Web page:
• Resolving the sublayer
  • Model the sublayer
Experimentally, it has been found that the velocity behavior in the sublayer follows a logarithmic law. Thats why we can use "Wall Functions" which typically are logarithmic functions. However, the log law is only valid within a set range. If you are using wall functions, you model the sublayer with the log law equation, and therefore the first cell height should be somewhere close to the maximum y+ range you expect to see (you can do a rough blasius flat plate calculation, and correct for curvature based on how aggressive you feel your CAD is in the critical area). If your first cell is too small, you will introduce inaccuracies because the second cell would be still in the log law region, but it will not be applied to it. If you have y+ << 1 there is no need to use wall functions because you are already resolving the viscous sublayer.

Within ANSYS, k-omega SST has only one wall function. One of the benefits of the k-omega SST model is that it will automatically use the low-Re formulation in the viscous sublayer and will use its wall function calculation if the cell height is within the log-law layer. This refers to its "automatic" wall-function... the only one it has. It uses a linear law for omega within one regime, and another log law for omega within the refined regime.

If I lift a line straight from the solver theory guide:
"The wall boundary conditions for the equation in the models are treated in the same way as the equation is treated when enhanced wall treatments are used with the models. This means that all boundary conditions for wall-function meshes will correspond to the wall function approach, while for the fine meshes, the appropriate low-Reynolds number boundary conditions will be applied"

This part is talking about the k-equation. Enhanced Wall Treatment and Enhanced Wall Function mean almost the same thing. Enhanced wall functions are the blended linear & log standard laws. Enhanced wall treatment uses these enhanced wall functions. And again from the solver guide:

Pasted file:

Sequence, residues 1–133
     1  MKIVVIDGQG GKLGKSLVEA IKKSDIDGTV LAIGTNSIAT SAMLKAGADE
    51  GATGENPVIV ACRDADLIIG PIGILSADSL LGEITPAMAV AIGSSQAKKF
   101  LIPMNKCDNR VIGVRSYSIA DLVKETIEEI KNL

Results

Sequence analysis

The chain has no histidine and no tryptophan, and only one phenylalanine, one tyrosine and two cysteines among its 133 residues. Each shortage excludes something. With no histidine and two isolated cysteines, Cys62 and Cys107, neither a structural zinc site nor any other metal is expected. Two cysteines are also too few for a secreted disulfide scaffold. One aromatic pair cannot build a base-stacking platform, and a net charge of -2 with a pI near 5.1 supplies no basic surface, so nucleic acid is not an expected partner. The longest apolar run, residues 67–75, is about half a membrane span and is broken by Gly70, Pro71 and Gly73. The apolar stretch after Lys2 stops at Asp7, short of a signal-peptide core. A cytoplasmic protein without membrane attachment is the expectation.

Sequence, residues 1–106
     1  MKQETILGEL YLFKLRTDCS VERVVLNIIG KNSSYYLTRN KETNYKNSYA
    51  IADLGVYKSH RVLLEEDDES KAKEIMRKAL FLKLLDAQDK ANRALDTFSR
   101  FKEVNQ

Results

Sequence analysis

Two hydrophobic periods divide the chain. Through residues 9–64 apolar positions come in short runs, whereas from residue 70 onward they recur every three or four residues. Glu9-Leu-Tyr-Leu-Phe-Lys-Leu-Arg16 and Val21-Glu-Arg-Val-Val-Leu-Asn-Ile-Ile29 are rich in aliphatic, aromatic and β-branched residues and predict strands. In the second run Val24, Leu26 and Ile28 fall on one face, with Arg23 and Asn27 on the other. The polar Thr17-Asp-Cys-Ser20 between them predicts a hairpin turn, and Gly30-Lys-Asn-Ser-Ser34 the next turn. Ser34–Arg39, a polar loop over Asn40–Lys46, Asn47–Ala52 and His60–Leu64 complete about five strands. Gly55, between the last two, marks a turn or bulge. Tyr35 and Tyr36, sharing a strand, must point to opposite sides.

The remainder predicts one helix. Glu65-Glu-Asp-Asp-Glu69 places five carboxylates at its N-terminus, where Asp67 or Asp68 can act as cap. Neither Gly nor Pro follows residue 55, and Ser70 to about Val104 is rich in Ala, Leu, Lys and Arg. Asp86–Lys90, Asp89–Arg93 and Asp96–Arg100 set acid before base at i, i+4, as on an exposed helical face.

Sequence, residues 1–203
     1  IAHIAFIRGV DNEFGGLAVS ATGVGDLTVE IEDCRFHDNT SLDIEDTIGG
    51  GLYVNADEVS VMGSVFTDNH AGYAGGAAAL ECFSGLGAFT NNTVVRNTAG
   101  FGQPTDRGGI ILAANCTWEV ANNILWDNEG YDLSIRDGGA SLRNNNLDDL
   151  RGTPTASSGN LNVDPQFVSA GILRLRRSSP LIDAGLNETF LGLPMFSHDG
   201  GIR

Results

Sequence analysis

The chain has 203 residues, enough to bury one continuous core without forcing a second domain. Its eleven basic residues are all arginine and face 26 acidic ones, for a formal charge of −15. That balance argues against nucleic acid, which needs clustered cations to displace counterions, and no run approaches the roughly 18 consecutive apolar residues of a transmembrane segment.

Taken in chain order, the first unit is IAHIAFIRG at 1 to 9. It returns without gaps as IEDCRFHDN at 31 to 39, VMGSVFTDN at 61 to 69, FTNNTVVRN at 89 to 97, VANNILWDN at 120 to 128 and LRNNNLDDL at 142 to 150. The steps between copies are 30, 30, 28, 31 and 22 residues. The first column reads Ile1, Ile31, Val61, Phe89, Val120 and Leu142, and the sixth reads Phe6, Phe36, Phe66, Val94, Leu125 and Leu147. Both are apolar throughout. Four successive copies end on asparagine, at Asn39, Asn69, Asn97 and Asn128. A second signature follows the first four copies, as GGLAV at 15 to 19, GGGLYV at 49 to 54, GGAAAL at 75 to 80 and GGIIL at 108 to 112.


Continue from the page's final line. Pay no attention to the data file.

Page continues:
This means that all boundary conditions for wall-function meshes will correspond to the wall function approach, while for the fine meshes, the appropriate low-Reynolds number boundary conditions will be applied.

Now for our case...

My PC can only handle a certain number of million elements. It means that I have to be very careful with how I apply my prism layers and growth rates, in order to ensure that I can "capture the bits I want to, and leave the less interesting bits to be analyzed roughly". What this means is that, for example on the front wing elements, I resolve the boundary layer down to a y+ of about ~0.5 whilst on other areas, such as the top of the nose, I resolve it only to around 60-100. Because of how this "automatic wall function" is applied, the SST model will be used to a pretty decent extent in somewhat critical areas, whilst in less "impactful" areas on the car's performance, it will default to a "wall-function based" solver: which you are correct, will imply something akin to k-epsilon. Also, due to mesh quality, I utilise layer compression, rather than stair-stepping within the prism layers, in order to better capture whats going on. In areas such as gap and overlap of flaps, this is another area in which the local y+ will be quite a lot lower than some of the larger areas on the car.

At the end of the day, CFD in RANS, is literally just "modeling" to begin with. When I get my new PC soon, I will be able to better mesh and capture critical areas, but if I was to run a fully resolved viscous sub-layer, I would need a lot more computational time and power... maybe I'll get lucky and 128Gb will be enough to solve (because often when you resolve your boundary layer cells to that level of refinement, you need to solve in double precision just to "locate" the cell nodes in the correct spot - else the solver will truncate coordinates, and spit out a negative cell volume error).

Note: turbulence is not my "expertise" per se, but I do try to understand the problems that I solve at work, to a fundamental level... I hope that this is correct, but by all means, if I have made a mistake, feel free to jump in and correct me - I love learning!!
"When I meet God, I am going to ask him two questions: Why relativity? And why turbulence? I really believe he will have an answer for the first." -- Heisenberg
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Re: CFD of 2021 F1 Car